Trophies, Relics and Curios?

Missionary Heritage from Africa and the Pacific

Edited by Karen Jacobs, Chantal Knowles and Chris Wingfield | 2015

Trophies, Relics and Curios?

Missionary Heritage from Africa and the Pacific

Edited by Karen Jacobs, Chantal Knowles and Chris Wingfield | 2015

ISBN: 9789088902710

Imprint: Sidestone Press | Format: 182x257mm | 220 pp. | Language: English | Category: anthrology, ethnograpy, ethnology, material culture, museum studies, cultural heritage | download cover

The British Missionary movement, which began in earnest in the early 19th century, was one of the most extraordinary movements of the last two centuries, radically transforming the lives of people in large parts of the globe, including in Europe itself.

By exploring a range of artefacts, photographs and archival documents that have survived, or emerged from, these transformations, this volume sheds an oblique light on the histories of British Missionaries in Africa and the Pacific, and the ways in which their work is remembered in different parts of the world today.

Short contributions describing the histories of particular items, accompanied by rich visual imagery, showcase the extraordinary items that were caught up in histories of conversion, and are still controversial for many today. By focusing on the varied forms of missionary heritage, this volume aims to question the often used categories of trophies, relics or curios, and highlight the complexity involved in the missionary encounter.

This volume is the result of a research networking project bringing together specialists of missionary collections, i.e. artefacts, photographs or archival documents. These specialists are academics of various disciplines, museum curators and indigenous stakeholders who aim to show to a wide audience what missionary heritage constitutes and how varied it is. The heritage in focus is based in museums, archives, churches and archaeological sites in Britain, the Pacific and Africa.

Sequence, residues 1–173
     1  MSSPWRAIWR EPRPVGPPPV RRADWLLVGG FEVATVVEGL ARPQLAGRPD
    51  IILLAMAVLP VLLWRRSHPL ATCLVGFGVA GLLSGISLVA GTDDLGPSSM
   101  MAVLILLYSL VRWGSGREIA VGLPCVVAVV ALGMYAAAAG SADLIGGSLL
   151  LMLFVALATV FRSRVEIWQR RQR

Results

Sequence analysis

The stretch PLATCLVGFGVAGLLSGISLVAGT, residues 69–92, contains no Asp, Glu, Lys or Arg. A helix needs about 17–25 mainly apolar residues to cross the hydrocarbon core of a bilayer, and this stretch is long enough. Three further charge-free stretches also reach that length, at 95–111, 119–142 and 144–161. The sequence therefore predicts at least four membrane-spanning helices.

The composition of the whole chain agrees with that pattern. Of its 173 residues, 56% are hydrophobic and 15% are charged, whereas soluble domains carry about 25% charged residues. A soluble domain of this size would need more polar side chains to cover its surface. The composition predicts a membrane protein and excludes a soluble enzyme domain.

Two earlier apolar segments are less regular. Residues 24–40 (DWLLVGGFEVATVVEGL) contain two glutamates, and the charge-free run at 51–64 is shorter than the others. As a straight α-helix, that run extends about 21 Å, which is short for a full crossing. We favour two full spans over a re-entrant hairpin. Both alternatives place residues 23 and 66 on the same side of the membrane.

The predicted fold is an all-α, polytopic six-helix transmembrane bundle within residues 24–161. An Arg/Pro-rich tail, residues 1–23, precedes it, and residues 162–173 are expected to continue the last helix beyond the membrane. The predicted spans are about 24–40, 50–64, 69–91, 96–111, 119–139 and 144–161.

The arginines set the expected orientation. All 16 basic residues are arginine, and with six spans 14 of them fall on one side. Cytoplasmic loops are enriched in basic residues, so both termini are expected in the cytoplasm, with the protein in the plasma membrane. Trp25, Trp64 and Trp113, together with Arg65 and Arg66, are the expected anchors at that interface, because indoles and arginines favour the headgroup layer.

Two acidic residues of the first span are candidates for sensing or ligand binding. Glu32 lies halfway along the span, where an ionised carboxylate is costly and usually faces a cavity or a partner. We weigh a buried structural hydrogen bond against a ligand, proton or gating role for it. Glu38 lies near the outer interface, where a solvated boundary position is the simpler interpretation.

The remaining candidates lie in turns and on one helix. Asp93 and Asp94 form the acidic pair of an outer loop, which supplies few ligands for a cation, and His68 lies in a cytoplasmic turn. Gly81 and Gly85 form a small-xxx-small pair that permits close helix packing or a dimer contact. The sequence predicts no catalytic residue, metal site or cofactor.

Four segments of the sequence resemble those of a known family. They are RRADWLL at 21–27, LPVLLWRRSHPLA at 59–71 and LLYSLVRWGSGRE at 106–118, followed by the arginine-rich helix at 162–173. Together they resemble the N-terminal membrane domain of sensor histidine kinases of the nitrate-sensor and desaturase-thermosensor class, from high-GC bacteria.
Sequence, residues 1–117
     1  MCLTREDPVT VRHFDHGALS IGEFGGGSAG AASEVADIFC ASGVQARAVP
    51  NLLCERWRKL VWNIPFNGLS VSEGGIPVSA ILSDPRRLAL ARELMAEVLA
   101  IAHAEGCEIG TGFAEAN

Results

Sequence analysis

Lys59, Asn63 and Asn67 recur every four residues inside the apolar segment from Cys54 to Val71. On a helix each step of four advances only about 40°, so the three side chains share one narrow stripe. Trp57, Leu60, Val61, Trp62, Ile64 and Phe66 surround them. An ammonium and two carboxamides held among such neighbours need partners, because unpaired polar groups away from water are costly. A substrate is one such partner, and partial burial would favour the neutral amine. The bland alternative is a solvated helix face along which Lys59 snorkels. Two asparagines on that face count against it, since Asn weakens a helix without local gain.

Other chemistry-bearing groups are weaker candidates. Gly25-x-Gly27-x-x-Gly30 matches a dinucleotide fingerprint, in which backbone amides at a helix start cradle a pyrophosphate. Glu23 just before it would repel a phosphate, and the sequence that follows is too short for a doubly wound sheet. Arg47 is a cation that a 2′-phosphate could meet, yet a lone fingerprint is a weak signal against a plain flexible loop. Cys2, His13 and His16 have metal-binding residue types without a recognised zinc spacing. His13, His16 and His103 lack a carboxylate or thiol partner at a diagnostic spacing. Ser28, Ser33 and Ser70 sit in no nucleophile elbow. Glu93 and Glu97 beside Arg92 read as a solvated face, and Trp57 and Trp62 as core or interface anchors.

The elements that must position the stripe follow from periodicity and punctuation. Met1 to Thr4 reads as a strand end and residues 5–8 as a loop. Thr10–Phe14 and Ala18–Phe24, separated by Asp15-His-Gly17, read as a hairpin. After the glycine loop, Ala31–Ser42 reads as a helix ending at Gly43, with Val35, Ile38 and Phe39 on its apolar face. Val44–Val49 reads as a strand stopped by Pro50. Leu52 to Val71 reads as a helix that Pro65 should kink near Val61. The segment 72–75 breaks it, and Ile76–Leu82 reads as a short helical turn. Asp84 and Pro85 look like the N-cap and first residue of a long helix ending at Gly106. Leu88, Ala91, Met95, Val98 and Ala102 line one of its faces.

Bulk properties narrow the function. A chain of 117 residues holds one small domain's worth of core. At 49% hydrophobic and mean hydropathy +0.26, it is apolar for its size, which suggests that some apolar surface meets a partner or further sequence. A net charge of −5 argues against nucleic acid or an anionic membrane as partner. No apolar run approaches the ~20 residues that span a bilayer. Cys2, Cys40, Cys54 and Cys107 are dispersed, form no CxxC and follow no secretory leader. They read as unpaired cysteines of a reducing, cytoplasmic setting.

With contributions by Ben Burt of the British Museum, Sagale Buadromo of the Fiji Museum, Ghanaian artist, art historian and curator Atta Kwami, Jack Thompson of the University of Edinburgh, Steven Hooper of the Sainsbury Research Unit, Joshua Bell of the Smithsonian Institute, Samoan artist Greg Semu and many more.

Introduction
Karen Jacobs and Chris Wingfield

Part One – Trophies?

Giraffe, South Africa
Chris Wingfield

The Family Idols of Pomare, Tahiti, French Polynesia
Maia Nuku

Female Statuette, Tonga
Andrew Mills

Illustration of an Exhibition and Sale at the Wesleyan Centenary
Hall, United Kingdom
Steven Hooper

“Livingstone’s Loom”, Malawi
Sarah Worden

Bird Specimen, Papua New Guinea
Joshua A. Bell

Slit drum, Vanuatu
Chantal Knowles

Sorcerer’s kit, Papua New Guinea
Tabitha Cadbury

Brass Necklet, Uganda
Rachel Hand

A Bird of the Net, Solomon Islands
Ben Burt

Interview
François Wadra and Julie Adams

Part Two – Relics?

David Livingstone’s Magic Lantern, United Kingdom
T. Jack Thompson

Wood image, Fiji
Steven Hooper

Thomas Baker’s Shoes, Fiji
Sagale Buadromo and Katrina Talei Igglesden

Bishop Patteson relics, Solomon Islands
Ben Wate

Mask, New Britain, Papua New Guinea
Jill Hasell

“African Church”, Botswana
Paul Lane

Ship’s bell, United Kingdom